September, more than January, always feels like a new beginning.
Tomorrow is our first day of grade one (Susanna), grade three (Belén), and grade six (me!).
I imagine Susanna will be trying to decipher what her teacher is saying; this is her first year of French immersion. Belén will be engaged in high-stakes deals, negotiating who is going to play with who, and I’ll be trying to pretend I’m a teacher. (Note: if you are a future employer of mine, I’m just kidding. I’m really very confident and competent, and never have sweaty armpits when dealing with 28 ‘tweens).
Last week I was offered a short-term position in a grade six classroom and I took it.
But, since that’s all happening tomorrow, let’s talk about summer before it evaporates.
I’ve heard winter associated with imagery of cocooning and rest. Well, I think summer has been that way for us.
We didn’t see friends from school, or our community, much at all. Mostly we were with relatives, or practically relatives, and our own little family; people who really know us. It was like a two month “love shelter” before entering back into classrooms full of kids, schedules, and new beginnings. It bolsters the confidence… maybe even too much… Last week, my eldest ran out the front door and down the sidewalk before she realized she wasn’t wearing a top!
Don’t let the previous paragraph fool you into thinking we’ve just come out of one long group hug. We’ve all been enraged, whiny, violent, self-centered cry babies (I’m speaking for at least 3 out of the four of us) intermittently, and needed time outs from each other; though you won’t see any pictures of that. It’s hard to grab the camera and take a shot for the blog while you’re gripping your child just a wee bit harder than you should, sputtering threats through clenched teeth. Sand art is so much more photogenic than a mother over the edge, or insolent children.
Besides the relational hazards of being together all the time, we’ve been coming and going so much that the days we have been at home were usually a scramble to un-pack, and then pack up again. And, when we were just at home it seemed we were ALWAYS cleaning. When I read this line in my favourite blog* last week – “…the dishes in our sink are like one of those trick candles that you can’t ever blow out”, I was pleased to imagine how I’ll look at my own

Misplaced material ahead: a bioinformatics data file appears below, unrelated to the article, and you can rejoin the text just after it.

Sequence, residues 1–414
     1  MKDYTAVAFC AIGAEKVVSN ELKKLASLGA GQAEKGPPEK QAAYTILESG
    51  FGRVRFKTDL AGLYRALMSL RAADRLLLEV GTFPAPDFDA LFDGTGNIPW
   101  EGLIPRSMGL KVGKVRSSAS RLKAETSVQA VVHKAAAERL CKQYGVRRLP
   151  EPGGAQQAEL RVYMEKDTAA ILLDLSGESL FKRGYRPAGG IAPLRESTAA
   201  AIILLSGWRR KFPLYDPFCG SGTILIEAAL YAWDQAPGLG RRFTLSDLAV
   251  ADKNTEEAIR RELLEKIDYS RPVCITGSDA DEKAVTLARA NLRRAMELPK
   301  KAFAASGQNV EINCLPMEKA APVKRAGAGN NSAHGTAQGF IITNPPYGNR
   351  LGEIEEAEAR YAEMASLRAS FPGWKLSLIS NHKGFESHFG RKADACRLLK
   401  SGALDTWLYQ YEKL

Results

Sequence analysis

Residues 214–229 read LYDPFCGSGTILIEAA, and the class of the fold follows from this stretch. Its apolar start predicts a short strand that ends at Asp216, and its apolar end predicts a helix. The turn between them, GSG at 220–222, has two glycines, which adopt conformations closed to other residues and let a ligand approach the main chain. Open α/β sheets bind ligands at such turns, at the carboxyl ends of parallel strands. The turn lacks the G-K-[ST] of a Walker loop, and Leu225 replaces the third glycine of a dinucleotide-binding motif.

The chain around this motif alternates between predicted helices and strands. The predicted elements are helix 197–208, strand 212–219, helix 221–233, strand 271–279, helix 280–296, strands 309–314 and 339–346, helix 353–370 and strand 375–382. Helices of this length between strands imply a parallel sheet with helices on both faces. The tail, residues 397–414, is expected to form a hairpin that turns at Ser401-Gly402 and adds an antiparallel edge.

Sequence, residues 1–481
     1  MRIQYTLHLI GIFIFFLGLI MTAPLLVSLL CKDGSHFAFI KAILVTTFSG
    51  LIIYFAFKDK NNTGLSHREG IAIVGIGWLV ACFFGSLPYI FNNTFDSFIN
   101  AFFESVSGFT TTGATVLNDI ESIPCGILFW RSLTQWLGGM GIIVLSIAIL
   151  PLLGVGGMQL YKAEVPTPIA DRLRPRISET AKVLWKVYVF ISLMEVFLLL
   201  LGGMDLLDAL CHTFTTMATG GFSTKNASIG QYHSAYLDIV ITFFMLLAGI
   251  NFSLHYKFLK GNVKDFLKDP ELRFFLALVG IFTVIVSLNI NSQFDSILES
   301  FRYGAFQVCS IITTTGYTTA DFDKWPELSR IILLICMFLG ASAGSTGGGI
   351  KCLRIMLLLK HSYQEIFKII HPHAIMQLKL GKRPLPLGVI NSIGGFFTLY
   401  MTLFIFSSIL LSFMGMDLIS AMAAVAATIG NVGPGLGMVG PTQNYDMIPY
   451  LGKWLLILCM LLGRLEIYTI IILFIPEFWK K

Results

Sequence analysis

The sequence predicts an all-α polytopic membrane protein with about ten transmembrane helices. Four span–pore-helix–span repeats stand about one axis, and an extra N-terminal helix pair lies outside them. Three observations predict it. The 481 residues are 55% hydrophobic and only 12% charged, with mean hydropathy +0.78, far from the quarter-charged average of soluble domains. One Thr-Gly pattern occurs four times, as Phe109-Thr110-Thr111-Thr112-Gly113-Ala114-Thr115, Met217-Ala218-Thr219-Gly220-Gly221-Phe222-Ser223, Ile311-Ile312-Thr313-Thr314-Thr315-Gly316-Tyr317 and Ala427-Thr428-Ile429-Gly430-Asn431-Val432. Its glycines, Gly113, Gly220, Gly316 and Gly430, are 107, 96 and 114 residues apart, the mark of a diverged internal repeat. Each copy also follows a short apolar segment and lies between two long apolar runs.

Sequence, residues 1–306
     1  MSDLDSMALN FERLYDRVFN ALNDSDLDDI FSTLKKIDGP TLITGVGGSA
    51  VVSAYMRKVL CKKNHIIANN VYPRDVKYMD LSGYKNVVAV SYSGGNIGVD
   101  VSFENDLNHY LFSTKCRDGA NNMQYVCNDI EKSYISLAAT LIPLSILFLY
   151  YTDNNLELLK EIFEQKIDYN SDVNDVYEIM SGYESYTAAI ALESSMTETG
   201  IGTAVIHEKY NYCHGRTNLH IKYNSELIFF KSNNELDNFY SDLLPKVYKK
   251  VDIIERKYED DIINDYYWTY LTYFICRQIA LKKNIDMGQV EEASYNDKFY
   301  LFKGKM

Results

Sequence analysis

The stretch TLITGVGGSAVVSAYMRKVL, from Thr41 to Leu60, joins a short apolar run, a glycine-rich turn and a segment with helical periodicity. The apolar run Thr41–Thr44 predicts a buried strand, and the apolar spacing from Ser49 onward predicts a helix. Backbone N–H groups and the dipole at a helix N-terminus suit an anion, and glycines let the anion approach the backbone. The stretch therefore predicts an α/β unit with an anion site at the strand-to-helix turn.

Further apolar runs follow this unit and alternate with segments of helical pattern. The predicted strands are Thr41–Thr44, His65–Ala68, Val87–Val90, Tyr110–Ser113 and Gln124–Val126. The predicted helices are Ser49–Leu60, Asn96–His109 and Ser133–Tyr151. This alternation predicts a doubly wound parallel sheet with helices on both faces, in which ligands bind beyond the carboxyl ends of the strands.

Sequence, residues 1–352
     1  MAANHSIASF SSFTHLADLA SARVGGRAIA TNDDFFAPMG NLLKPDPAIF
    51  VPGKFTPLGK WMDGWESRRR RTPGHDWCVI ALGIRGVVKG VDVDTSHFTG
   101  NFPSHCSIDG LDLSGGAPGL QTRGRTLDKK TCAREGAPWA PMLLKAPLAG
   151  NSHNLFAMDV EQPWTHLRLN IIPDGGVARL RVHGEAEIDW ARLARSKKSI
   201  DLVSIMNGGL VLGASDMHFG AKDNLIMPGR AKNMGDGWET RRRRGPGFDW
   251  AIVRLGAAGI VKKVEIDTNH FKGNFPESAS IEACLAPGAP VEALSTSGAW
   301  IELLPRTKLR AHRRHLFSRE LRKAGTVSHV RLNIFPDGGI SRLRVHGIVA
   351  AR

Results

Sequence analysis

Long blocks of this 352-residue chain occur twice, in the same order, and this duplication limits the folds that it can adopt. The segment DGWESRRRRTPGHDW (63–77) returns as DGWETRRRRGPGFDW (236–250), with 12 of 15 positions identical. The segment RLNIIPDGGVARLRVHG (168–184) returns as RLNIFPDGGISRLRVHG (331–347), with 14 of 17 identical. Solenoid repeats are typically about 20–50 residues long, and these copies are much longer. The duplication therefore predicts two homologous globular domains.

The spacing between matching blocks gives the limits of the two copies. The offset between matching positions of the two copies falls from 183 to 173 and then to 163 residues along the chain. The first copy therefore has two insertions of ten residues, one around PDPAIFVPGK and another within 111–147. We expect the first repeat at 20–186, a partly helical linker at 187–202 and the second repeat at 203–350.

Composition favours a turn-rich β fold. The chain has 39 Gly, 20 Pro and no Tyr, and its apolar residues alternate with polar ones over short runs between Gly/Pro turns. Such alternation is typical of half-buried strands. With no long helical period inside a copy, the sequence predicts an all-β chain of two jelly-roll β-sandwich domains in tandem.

Mount Rushmore kitchen counter the next time. I’ll sigh, and then think of birthday cake and trick candles, and feel a tiny bit comforted.
But, despite the mess and fights, July and August have been a retreat. A reprieve from some of the stresses of normal life. I’m hoping we’re all a little stronger for it and ready to face the growth and changes that lie ahead.
With Grandma at the dunes
I finally got my butt in gear and tackled the apples in our basement. I have a formula I use when it comes to evaluating how, and if, I want to process something: (taste ) / (mess + time), or something like that. I think the apple sauce and dried apple pieces come out about even on that one. Dehydrated apples are probably a little quicker and less messy, but that apple sauce is so… saucy.
Apple sauce, hot off the press. I couldn’t keep the girls, or the wasps, away.
I dehydrated the apples in the back of our vehicle. We have a dehydrator but I only use it when I have to. It seems a little silly to be plugging in an apparatus, adding more heat to our un-conditioned home, when the sun is already merrily beating down for free.
I read somewhere that the apples slices are done when they have a raisin-like consistency. We forgot about ours while we were off lounging at a spray park and the poor things nearly petrified. Ours are definitely past the raisin stage but both girls thought they were good enough to shovel in by the fist-full. It could have had something to do with nearing 6 pm and no supper on the horizon.
Last week I took the girls shopping for their first-day-of-school outfit. We happened to be walking near my *favourite store* when Susanna asked optimistically, “Can we get new clothes, Mom?”
“Of course you can, my goodness, what kind of mother do you think I am … but since we’re so close… shall we just check it out?”
Belén thought it was a good idea, Susanna wasn’t so sure. Minutes later, we were deep in the heart of my *favourite store* and both girls’ arms were draped with dresses,shirts, and pants and there was this kind of gleeful, celebratory look in our eyes. But, I was ready to leave it all, if that is what they wanted.
“Are you girls sure you want to stay here, and buy these clothes instead of looking elsewhere?”
“Stay, stay, stay,” they both chimed, especially Susanna.
Twenty minutes later we walked out the doors of my *favourite store* with two bags full and all our clothes shopping done.
‘Turns out I’m the kind of mother who will put up with kids who don’t need new clothes, just pretty ones.
Susanna, hanging her first-day-of-school dress to dry, after coming home from my favourite store
Wishing you courage, enthusiasm and peace as you jump into your “new year”…
*Rachel Turiel is the author of the only “stranger” blog I follow. I call her my Colorado girl. Stan always finds it weird that I am looking at pictures of this family I’ve never met.
“It’s her writing,” I tell him. When I read her posts it’s like eating those candies that pop and fizz around in your mouth, her words are so vivid they trigger little picture explosions in my head.